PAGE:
But today, Sanchez conceded, “I am 89 years-old and I feel my body is giving up.”

While Sanchez’s “work ethic” attests to the “American Dream” that newcomers have been chasing for centuries, his plight also represents intersecting crises of migration and aging. Chicago’s over-65 Latino population swelled by over two-thirds during the 2000s, following dramatic growth in the Latino community fueled by earlier waves of immigration. Nationwide, according to the Population Research Bureau, between 1990 and 2010, the senior immigrant population soared by about 70 percent, from 2.7 to 4.6 million. By one estimate, the population of over-65 immigrants could quadruple to more than 16 million by 2050 — around the time people of color become the nation’s new majority.

While politicians are concerned about the current “gray wave” of baby boomers entering a less secure age of retirement following a generation of relative prosperity, older immigrants face a financial cliff as they approach “retirement age” (which, for many like Sanchez, just means more work until your body gives out). Aging immigrants of color are heavily concentrated in cities fractured by gentrification and economic segregation. So it appears that one’s status really is determined at birth and aging brings acute risks of worsening inequality for people of color.

Following the Great Recession, which has hit seniors of color especially hard, an estimated 90 percent of Latino senior households lack the retirement funds needed to sustain them for the remainder of their lives. About one in four Latino families nationwide have savings in a retirement fund, compared to about two-thirds of white families, and 60 percent Asian and 40 percent Black families. A 2013 study of New York City seniors found that the median income among immigrant seniors was just $9,900, about half the median income of the native-born, and about a quarter of immigrant seniors lived in poverty, compared to 15 percent of the native-born.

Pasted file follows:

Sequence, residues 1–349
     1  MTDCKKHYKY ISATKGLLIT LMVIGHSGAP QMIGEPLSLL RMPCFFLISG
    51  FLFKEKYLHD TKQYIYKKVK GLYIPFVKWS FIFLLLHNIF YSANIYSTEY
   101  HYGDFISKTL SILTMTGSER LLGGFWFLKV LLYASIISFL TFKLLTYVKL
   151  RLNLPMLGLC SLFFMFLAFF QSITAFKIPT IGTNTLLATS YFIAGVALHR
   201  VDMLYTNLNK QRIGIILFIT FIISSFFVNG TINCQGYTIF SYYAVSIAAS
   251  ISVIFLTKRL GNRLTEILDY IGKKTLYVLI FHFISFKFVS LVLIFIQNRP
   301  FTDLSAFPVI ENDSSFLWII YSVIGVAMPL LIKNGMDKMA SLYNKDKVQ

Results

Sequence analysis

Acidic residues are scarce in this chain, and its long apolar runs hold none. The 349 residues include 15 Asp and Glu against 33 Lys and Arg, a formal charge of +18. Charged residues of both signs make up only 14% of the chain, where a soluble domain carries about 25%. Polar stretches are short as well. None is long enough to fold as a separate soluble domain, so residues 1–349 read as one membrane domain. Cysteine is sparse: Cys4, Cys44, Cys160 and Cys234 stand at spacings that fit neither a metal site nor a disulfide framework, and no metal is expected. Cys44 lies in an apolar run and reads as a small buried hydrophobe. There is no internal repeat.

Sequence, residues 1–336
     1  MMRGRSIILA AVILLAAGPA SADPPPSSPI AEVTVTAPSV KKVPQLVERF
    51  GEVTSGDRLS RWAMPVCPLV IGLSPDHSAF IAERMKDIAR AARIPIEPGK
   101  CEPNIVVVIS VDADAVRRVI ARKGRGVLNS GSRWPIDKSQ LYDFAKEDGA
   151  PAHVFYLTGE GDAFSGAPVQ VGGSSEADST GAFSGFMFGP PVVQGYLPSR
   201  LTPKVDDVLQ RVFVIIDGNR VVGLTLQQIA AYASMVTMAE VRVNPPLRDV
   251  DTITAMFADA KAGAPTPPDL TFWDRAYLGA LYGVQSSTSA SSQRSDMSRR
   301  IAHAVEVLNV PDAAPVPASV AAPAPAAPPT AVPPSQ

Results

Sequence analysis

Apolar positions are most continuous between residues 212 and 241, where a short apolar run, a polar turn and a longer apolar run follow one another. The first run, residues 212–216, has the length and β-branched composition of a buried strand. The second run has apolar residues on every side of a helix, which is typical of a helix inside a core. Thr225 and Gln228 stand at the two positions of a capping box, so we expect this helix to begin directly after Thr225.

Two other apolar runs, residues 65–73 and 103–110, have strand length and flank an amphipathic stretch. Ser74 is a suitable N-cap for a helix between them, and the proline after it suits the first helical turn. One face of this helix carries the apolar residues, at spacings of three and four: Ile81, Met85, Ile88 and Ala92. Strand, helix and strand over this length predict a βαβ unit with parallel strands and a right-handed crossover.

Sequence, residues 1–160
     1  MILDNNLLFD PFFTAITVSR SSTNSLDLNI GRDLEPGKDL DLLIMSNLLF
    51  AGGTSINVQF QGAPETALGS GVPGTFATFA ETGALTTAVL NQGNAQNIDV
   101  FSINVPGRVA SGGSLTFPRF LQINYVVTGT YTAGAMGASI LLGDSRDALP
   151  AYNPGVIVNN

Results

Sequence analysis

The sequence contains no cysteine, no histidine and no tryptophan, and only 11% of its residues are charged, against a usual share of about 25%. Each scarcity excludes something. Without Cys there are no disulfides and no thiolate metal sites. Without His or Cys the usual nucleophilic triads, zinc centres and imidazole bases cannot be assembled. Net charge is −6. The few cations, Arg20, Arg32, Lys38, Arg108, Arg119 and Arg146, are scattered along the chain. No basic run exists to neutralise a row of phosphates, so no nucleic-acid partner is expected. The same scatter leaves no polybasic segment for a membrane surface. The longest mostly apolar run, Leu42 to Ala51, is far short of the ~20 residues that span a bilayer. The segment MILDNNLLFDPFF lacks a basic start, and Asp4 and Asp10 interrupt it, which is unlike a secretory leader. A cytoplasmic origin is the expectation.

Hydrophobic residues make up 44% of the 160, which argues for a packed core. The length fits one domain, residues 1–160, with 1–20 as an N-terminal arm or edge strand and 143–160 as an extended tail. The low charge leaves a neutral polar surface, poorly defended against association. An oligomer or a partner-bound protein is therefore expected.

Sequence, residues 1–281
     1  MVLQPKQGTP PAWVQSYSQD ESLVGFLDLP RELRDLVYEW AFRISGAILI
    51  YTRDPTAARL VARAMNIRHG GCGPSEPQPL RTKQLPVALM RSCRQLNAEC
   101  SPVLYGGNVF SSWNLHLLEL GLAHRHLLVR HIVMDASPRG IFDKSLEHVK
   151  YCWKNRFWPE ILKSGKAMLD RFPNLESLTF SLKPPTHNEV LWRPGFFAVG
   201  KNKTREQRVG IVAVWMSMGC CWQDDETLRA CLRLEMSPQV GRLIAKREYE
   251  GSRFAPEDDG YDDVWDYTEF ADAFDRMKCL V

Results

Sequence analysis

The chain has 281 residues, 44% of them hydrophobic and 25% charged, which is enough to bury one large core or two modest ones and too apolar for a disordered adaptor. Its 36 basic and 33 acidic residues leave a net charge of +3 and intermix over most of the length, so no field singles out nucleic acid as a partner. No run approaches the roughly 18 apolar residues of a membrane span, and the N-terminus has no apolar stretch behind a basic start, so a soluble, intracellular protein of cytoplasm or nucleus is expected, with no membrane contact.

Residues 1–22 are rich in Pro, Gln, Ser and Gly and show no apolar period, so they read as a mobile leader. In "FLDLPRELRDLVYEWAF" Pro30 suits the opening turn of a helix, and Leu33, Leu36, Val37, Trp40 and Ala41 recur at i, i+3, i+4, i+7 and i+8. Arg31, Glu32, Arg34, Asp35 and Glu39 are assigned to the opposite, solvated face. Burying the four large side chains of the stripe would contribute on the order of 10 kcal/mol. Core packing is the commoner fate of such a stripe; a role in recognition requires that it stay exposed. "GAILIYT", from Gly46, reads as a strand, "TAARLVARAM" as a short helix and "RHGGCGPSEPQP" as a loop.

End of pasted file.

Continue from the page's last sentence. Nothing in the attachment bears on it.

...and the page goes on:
While the economy relies heavily on the exploitation of immigrant labor, the welfare state systematically excludes immigrants past their prime working years. Social Security and Medicare are generally off limits if they are undocumented. Even green card holders face a five-year “waiting period” to qualify for programs like Medicaid and food stamps — one of many arbitrary strictures based on the stereotype that migrants are benefits spongers.

Legal barriers exacerbate social pressures on second-generation children who struggle to hew to cultural traditions of providing for elders. Traditional obligations chafe against modern lifestyles that emphasize independence, while the economic instability plaguing many young adults makes caregiving a near-impossible burden for those barely able to meet their own needs.

As neighbors pass by Sanchez’s popsicle cart, the sight crystallizes a migrant struggle that feels both beyond our reach and uncomfortably close to home. Whatever filial obligation second-generation immigrants may feel toward parents and grandparents, their elders’ needs for decent care and economic stability exceed the scope of what any one household can offer.